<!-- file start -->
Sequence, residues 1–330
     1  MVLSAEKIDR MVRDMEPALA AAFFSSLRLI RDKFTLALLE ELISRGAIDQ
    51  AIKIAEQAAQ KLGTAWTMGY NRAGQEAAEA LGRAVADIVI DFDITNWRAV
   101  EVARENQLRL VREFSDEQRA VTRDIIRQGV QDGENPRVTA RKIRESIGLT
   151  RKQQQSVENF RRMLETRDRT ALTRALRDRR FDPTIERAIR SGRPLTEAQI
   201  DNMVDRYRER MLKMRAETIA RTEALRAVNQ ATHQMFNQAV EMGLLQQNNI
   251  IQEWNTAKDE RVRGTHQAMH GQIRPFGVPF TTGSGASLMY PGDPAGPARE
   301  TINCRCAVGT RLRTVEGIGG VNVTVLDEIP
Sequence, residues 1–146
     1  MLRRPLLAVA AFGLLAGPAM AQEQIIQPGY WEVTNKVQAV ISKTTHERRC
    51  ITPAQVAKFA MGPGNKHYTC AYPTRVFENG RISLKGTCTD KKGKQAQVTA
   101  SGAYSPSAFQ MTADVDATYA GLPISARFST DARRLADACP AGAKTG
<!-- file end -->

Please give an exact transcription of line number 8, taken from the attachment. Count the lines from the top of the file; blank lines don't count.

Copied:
   301  TINCRCAVGT RLRTVEGIGG VNVTVLDEIP